Myxobacteria are Gram-negative δ-proteobacteria found predominantly in terrestrial habitats and often brightly colored due to the biosynthesis of carotenoids. Carotenoids are lipophilic isoprenoid pigments that protect cells from damage and death by quenching highly reactive and toxic oxidative species, like singlet oxygen, generated upon growth under light. The model myxobacterium Myxococcus xanthus turns from yellow in the dark to red upon exposure to light because of the photoinduction of carotenoid biosynthesis. How light is sensed and transduced to bring about regulated carotenogenesis in order to combat photooxidative stress has been extensively investigated in M. xanthus using genetic, biochemical and high-resolution structural methods. These studies have unearthed new paradigms in bacterial light sensing, signal transduction and gene regulation, and have led to the discovery of prototypical members of widely distributed protein families with novel functions. Major advances have been made in elucidating the molecular mechanisms underlying the light-dependent signaling and regulation of the transcriptional response leading to carotenogenesis in M. xanthus.
Delving into how M. xanthus “sees” and mounts a photooxidative stress response that triggers carotenogenesis uncovered two novel pathways and with them new paradigms in bacterial light sensing, signal transduction and gene regulation, as well as the discovery of prototypical members of widely distributed protein families with novel functions. One pathway relies on a form of vitamin B12 and its association with a single photoreceptor-cum-transcriptional factor, and the other is a B12-independent, more complex route that requires various singular factors. Many worthy firsts can be credited to elucidation of the two pathways. This includes discovery of one of the first ECF-σ factors, CarQ; the founding members of the large protein family of B12-based CarH photoreceptors that occur in bacteria; the founding members of the CarD_CdnL family of bacterial RNA polymerase-binding transcription factors that are widely distributed in bacteria and occur in M. xanthus and other δ-proteobacteria, α-proteobacteria, Actinomycetes, Firmicutes, Deinococcus-Thermus and Spirochaetes, but not in β-, γ- or ε-proteobacteria, Chlamydiae or Cyanobacteria; the long-sought human desaturase involved in plasmalogen biosynthesis through its M. xanthus homolog. Insights specific to M. xanthus and closely related bacteria, but also ones more broadly conserved across bacteria, have emerged. This photooxidative stress response is linked, directly or indirectly, to responses to copper, to heme and fatty acid biosynthesis, and shares global regulators with processes as diverse as fruiting body development and activation of CRISPR-Cas systems. Future work will undoubtedly reveal new, possibly surprising, interconnections to other cellular activities.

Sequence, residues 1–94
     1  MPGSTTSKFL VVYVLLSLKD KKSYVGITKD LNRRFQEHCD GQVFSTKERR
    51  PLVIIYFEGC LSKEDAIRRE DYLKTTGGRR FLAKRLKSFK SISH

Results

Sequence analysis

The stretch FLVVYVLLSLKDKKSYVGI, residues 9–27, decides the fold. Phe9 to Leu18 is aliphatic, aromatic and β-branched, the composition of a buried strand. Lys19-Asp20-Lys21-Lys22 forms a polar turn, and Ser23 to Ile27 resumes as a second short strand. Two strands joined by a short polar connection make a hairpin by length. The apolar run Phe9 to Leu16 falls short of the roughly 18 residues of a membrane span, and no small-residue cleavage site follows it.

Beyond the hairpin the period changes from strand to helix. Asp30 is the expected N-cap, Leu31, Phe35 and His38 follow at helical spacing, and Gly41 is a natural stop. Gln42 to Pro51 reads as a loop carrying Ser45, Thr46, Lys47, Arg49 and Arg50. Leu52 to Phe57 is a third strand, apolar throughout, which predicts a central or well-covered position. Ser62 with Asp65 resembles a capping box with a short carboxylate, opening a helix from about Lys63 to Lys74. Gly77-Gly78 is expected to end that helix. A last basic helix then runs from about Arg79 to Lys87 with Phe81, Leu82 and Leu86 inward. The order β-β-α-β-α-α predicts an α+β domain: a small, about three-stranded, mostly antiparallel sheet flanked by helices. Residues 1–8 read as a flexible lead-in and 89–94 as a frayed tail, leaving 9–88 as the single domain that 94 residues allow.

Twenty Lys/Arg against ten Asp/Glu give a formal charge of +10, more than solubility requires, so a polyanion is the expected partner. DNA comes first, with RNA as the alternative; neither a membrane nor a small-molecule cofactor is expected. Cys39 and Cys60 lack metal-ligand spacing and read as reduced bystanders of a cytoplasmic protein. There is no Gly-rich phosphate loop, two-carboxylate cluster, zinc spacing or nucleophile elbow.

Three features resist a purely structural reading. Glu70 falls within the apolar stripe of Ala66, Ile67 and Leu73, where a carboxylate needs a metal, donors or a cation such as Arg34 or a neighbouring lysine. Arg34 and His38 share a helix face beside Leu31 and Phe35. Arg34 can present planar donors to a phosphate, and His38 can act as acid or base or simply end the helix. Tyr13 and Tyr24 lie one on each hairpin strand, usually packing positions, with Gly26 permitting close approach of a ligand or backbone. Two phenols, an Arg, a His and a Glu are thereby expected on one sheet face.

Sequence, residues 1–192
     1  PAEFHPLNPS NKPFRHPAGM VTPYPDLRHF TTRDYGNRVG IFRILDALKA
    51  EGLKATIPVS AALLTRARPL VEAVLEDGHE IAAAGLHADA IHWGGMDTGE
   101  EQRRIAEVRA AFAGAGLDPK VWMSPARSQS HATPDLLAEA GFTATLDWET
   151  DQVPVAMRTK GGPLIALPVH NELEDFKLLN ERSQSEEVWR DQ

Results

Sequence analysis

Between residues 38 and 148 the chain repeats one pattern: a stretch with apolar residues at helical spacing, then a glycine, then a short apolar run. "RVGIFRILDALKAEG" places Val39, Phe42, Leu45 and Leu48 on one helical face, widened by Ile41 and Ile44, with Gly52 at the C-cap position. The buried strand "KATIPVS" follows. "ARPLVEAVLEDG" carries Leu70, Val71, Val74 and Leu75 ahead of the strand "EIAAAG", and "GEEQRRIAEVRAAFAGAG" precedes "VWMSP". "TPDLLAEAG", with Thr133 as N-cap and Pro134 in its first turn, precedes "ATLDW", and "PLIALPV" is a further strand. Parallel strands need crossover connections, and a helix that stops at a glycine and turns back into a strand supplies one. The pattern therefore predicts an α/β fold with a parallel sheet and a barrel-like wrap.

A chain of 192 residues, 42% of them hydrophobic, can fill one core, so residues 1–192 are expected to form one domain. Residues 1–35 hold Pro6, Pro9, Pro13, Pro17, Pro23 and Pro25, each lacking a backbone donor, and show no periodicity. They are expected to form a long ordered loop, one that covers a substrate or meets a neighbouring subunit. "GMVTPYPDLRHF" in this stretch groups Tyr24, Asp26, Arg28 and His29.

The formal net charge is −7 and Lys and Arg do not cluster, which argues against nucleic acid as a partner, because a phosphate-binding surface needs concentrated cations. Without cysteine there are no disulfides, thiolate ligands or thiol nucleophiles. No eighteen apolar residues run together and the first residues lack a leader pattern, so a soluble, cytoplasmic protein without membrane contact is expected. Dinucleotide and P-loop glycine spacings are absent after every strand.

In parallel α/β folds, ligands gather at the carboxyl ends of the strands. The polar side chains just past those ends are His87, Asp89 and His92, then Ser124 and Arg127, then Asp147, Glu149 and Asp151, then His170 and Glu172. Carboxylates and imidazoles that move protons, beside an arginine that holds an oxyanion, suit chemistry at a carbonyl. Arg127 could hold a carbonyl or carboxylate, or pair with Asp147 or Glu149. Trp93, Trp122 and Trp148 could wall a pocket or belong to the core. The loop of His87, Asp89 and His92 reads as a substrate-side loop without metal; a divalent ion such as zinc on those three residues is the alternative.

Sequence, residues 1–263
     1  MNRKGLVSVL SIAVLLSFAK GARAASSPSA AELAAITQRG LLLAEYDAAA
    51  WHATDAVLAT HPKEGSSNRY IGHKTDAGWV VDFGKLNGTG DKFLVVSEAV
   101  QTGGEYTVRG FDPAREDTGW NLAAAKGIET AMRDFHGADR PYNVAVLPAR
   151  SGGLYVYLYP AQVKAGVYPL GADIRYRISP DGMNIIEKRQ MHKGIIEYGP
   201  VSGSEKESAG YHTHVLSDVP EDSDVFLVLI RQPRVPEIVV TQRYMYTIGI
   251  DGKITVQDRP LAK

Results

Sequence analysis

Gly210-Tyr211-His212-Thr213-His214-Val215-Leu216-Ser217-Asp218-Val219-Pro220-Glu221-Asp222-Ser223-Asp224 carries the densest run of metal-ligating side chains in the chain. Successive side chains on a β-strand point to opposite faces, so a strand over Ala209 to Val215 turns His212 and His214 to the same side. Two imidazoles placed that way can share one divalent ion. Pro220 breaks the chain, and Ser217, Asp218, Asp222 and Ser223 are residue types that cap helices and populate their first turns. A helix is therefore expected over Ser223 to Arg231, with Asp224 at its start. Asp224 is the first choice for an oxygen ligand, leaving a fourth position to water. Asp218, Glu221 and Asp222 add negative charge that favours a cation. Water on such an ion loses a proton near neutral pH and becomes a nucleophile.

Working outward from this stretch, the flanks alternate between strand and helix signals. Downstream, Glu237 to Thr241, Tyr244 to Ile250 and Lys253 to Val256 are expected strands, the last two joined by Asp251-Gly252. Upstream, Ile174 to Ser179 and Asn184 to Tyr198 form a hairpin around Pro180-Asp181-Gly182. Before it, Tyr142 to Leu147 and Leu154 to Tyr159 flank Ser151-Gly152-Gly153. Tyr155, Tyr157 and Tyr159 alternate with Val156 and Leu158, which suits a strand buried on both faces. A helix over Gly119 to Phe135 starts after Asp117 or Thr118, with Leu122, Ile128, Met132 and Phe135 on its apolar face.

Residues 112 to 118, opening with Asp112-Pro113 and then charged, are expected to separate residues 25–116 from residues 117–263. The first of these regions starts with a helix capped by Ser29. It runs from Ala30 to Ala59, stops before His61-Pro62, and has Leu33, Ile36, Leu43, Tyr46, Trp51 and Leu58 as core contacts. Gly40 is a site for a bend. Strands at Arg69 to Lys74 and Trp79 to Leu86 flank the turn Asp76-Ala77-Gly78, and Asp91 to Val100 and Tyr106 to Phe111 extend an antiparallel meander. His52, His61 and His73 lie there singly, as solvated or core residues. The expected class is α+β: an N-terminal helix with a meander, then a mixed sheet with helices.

Beyond bacterial physiology, signaling and gene regulation, the findings from M. xanthus light-induced carotenogenesis have had other important ramifications. How this response and its unique factors are conserved across bacteria and other organisms provides valuable evolutionary insights, especially since it involves some factors that are more typical of eukaryotes than other bacteria. Indeed, one hypothesis for the origin of eukaryotes known as the Syntrophy hypothesis posits that an ancestral early myxobacterial-like deltaproteobacterium may have participated in the symbiosis or syntrophy that produced the first eukaryotic cell because of the many eukaryotic-like genes in myxobacteria like M. xanthus. For example, the study of M. xanthus light-induced carotenogenesis has led to the discovery of a human/animal lipid desaturases essential in plasmalogen synthesis. This not only revealed a remarkable conservation of this enzyme across a vast evolutionary distance, but also has important implications in human health and disease, since plasmalogens have been linked to various human disorders including cancer and Alhzeimer´s disease. Knowing the identity of this long-sought desaturase helps to directly assess the role of plasmalogens in diverse pathologies, and has already proved useful in studies of mitochondrial metabolism and ferroptosis. Satisfyingly, CarH has now been exploited as one of the few green-light responsive optogenetic tools for light-controlled gene expression in M. xanthus and transgene expression in mammalian and plant cells; in receptor interactions and signaling in human cells and zebra fish embryos; in the generation of protein hydrogels for facile encapsulation and release of cells and proteins, and in cell adhesions that have been adapted to address challenges in regenerative neurobiology for sustained delivery of neuroprotective cytokines aimed at neuronal survival and axon regeneration in vivo.